“Thick water or non-oil” is a base for creating a sauce and sweet or savory seasoning without fat.
It can be served hot or cold.
From time to time you can enrich and customize with what you like, it is to be kept handy for:
- season cooked and raw vegetables or cereals
- accompany fish or meat dishes
- enrich sweets and cakes.
- 1 cup of water or broth (vegetable or meat or fish) or milk (also vegetable)
- 1 tablespoon of starch or thickener
- 1/2 teaspoon of salt.
Blend the liquid part, the starch or selected thickener and salt.
Put in a saucepan and simmer, stirring until the mixture is thickened.
Remove from heat and let it cool before adding to the other ingredients of the recipe and blend or mix well to mix all the ingredients, which can also be in pieces for a more rustic sauce with a consistency play.
This thick water could in some cases be 50% of your sauce (example: 50 g of thick water + 50 g of fresh herbs or hard-boiled eggs); in others 30% (example: 30 g of thick water + 70 g of vegetables or fruit or mushrooms or meat or fish).
WHAT ADDENSANT OR STARCH TO CHOOSE
Cornstarch is the best choice for thickening milk-based products, but it should not be used with acidic ingredients because its thickening power is significantly reduced. A spoon is equal to 6 grams.
Rice starch gives a very soft consistency. A spoon is equal to 5 grams.
The arrowroot, its thickening power is not reduced by the acidic ingredients should not be used with dairy products because it becomes slimy. A spoon is equal to 8 grams.
The flour or tapioca starch, thickens very quickly giving a consistency similar to mayonnaise. A spoon is equal to 5 grams.
The potato starch is the least suitable because it tends to make the sauces cooked on sticky fire.
The kuzu, my favorite, is a superfood rich in minerals with important therapeutic properties. A spoon is equal to 9 grams.
The dried herbs at the beginning of the cooking process, as they need time to release their flavor. One teaspoon of dried herbs is the ideal dose for the recipe of thick water.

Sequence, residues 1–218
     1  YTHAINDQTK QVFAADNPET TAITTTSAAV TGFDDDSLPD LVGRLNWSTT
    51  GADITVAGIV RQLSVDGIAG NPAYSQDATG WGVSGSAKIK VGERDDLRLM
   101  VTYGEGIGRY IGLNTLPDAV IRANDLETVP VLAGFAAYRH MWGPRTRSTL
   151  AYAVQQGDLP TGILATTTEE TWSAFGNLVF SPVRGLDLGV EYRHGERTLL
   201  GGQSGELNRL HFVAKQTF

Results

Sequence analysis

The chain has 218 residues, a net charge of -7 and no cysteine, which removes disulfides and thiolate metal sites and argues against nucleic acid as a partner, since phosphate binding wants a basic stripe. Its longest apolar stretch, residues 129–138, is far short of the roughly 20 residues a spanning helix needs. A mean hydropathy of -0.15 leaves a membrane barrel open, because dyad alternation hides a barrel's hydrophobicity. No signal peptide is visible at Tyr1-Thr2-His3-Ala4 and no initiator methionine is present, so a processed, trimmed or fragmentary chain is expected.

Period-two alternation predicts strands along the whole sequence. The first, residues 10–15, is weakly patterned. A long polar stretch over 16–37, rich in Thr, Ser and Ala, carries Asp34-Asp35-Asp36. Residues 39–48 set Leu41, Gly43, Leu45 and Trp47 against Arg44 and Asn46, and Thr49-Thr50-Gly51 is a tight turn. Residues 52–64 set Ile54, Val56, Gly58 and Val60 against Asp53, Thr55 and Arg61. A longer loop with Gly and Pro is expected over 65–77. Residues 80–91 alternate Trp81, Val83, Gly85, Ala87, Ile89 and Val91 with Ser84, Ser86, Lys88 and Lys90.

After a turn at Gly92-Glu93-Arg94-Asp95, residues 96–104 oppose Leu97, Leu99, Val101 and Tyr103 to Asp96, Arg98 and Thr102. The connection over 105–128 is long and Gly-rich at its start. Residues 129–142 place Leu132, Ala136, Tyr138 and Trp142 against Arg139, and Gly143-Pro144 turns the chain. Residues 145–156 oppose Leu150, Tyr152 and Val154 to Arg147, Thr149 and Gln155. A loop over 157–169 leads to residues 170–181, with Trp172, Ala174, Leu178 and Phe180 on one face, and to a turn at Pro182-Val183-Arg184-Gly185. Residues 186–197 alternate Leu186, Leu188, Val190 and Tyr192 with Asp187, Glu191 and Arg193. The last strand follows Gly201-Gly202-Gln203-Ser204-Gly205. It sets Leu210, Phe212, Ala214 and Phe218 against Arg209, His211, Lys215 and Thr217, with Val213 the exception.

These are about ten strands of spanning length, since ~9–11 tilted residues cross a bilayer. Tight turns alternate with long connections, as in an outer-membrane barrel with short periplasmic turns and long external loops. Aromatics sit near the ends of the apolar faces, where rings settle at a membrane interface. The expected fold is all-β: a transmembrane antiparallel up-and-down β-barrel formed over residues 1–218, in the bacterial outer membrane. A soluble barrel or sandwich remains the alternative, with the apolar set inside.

Fresh soft-stemmed herbs (basil, chives, parsley, mint, coriander, dill), which should be added just before serving. Fresh hard-stemmed herbs with a firm leaf (sage, rosemary, oregano, thyme) can be cooked with the sauce or left to infuse with vinegar or the acidic part you add to the sauce.
Spices can be toasted before being added to the sauce or left to infuse with vinegar or the acidic part you add to the sauce. A teaspoon of dried herbs is the ideal dose for the thick water recipe.
The shallot, the leek or the small onion can be roasted, wrapping them without peeling them in tinfoil and bake them in the oven at 200 ° C until they are tender, about 30 minutes.
You can add pulsed vegetables or vegetables (if they are watery as the zucchini use only the outer green part, or cut into pieces let it drip in a colander placed on a container.Use the watery part to cook the sauce, blend the rest of the vegetable that has lost its liquid part and add it raw to enrich the sauce with flavor and fiber). Do the same thing with fruit if you prepare a sweet sauce.
You can also prepare protein sauces using cooked fish, hard-boiled eggs or cooked meat.